When I woke up last Friday morning, I realized I had several messages. All of them were links to a TikTok video of several guys singing a song, a sea shanty from the 19th century called “Wellerman,” using TikTok’s duet feature.
It was not the first sea shanty I’d seen on TikTok. It wasn’t even the first performance of “Wellerman” I’d seen — in the past month or so, spurred by a Scottish musician named Nathan Evans and others, sea shanties have become increasingly popular on TikTok and then shared widely on other platforms. “Wellerman,” the song that’s gotten especially big in the past few days, has now been remixed and performed by other singers, and other sea shanties have started to pop up. My favorite addition is the sea-shanty reaction video, particularly this one, which has the caption “when I hand my brother the aux”:
The magnetic thing about that reaction TikTok is the way the dubious brother gets pulled in. First he’s skeptical of “Wellerman” and then he’s entertained by how much his brother likes it. By the end he’s all in, singing along with the refrains and offering an “oooOO” of harmony as his brother sings the verses. As with many of the best TikToks, it’s the naked, transparent sincerity that really sells the video. They are both so in the song by the end, singing along happily even though it’s an ancient song and the word Wellerman has been lost to history. (According to a few different sources, a Wellerman” is an employee of the 19th-century Australian whaling company the Weller Bros., and the song is about company ships that would arrive to resupply whaling vessels.)
On the surface, it’s a little weird that digital culture in 2021 would become suddenly obsessed with 200-year-old folk songs about men on whaling boats. They sound like prehistoric oddities, which is part of the appeal. Simplistic in structure, they are deliberately repetitive and full of ideas and references that feel very, very far from life right now. Aside from the word Wellerman, they’re full of harpoons and pierheads and the specifics of butchering whales; the most recognizable lyrics are lines about “rounding the Cape” and the love of bonny brown-haired lasses.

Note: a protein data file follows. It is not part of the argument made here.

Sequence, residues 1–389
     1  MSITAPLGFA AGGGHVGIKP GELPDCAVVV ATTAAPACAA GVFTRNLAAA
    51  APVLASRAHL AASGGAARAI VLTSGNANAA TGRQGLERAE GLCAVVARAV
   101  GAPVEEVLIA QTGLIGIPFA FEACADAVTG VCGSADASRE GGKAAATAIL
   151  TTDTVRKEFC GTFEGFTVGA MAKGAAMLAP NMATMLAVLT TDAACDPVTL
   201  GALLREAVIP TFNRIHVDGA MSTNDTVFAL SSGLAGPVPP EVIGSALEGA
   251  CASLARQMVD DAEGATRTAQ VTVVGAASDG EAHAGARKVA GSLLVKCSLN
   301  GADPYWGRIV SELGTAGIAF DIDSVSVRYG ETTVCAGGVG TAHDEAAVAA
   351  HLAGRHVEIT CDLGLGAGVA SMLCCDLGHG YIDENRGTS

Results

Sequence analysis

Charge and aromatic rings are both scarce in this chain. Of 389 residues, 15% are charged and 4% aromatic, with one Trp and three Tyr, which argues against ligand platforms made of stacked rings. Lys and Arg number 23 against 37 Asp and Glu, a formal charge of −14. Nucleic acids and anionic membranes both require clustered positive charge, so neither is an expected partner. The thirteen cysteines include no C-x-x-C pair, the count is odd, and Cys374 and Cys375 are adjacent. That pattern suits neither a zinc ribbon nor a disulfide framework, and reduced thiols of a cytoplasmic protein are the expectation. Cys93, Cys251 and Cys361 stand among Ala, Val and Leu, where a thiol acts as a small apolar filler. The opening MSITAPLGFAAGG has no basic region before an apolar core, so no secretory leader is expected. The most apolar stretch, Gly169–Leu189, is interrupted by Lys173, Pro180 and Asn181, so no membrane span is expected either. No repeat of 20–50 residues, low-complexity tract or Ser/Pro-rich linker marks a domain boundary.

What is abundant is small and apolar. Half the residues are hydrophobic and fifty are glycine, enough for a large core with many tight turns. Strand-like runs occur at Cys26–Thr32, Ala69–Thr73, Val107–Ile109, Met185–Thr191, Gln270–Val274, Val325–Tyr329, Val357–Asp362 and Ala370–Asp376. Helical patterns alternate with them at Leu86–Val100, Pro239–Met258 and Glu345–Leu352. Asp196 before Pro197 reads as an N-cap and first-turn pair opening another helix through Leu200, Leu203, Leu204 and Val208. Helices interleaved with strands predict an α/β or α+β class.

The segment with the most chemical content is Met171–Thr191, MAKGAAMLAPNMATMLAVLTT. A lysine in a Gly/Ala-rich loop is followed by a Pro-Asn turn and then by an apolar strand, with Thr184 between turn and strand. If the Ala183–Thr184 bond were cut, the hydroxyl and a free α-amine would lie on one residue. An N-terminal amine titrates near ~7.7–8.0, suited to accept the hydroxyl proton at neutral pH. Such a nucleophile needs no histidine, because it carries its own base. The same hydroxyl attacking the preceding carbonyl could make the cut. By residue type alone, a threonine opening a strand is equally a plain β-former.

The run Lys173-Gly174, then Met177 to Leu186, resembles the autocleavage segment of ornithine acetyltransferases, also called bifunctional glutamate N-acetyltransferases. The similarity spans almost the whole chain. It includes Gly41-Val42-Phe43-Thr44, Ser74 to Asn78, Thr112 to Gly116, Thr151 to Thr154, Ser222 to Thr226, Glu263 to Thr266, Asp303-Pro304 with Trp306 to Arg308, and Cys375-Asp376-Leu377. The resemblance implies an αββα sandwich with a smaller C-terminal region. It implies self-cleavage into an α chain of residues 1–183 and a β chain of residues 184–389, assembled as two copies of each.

Sea shanties are also resiliently uncool. They’re songs about whaling and strong winds, and they sound the way a bowl of New England clam chowder looks: imprecise, sort of lumpy, and, not to put too fine a point on it, very white. There’s some overlap between sea shanties and African American spirituals that deserves a lot more attention, but the default picture of the sea shanty as a genre is a bunch of white European sailors bellowing “haul away Joe” in harmony. The shock of getting lit to that is what we see register on the face of the dubious TikTok brother. “This? Really? This?”
The sea shanty seems like the strangest possible pick for this year’s new, hot music trend, but as a longtime sea-shanty fan (what can I say, I’m the type who read Horatio Hornblower novels in high school), I’m here to tell you that sea shanties make so much sense for this moment, right now. They’re songs with simple, blunt rhythms, meant to be easy to learn and easy to sing along with while doing the hard physical work of sailing a large fishing vessel. One person is the song leader, setting the pace and singing the verses, but the engine of the song is in the repeating chorus that everyone sings together over and over again. They are unifying, survivalist songs, designed to transform a huge group of people into one collective body, all working together to keep the ship afloat.
Right now, it’s not safe to gather in groups. Every news story is about division, deadlock, anger, and the massive gulf between the left and the right. We’re all stuck staring at tiny screens in our own tiny individual boxes, desperately wanting to sing loudly into a stranger’s face while knowing that singing loudly into a stranger’s face is incredibly dangerous right now. Maybe it’s a coincidence that millions of TikTokers are finding delight in a centuries-old music genre meant to bind separate bodies together into one shared, cooperative action. Maybe it’s just because “Wellerman” is a great, boisterous bop of a song in any century.
But I don’t think so. Sea shanties are not the first pandemic example of a virtual but collective musical experience that has ascended to the big trend of the day. This past fall, there was the Ratatouille musical; earlier last summer, there was a wave of love for two brothers who make reaction videos as they listen to popular pop songs for the first time; and the spring shut-in made way for Verzuz. Those phenomena come out of a hunger for the distinct, powerful way music can make people feel connected to one another. Sea shanties are just a more direct, musically explicit version of that desire. They’re easy for lots of people to learn very quickly, and once everyone has learned the pattern, the sea shanty turns every participant into one small part of a collective whole.
So on a grand scale, I’m really moved by the sudden attention to sea shanties. It’s hard to think of a more unexpectedly appropriate musical form for a bunch of people yearning for physical (and political and spiritual) connection. And for me, personally, I am thrilled to welcome our new sea-shanty overlords. There are so many more songs that deserve viral TikTok fame! I’m crossing my fingers for “Blow the Man Down.”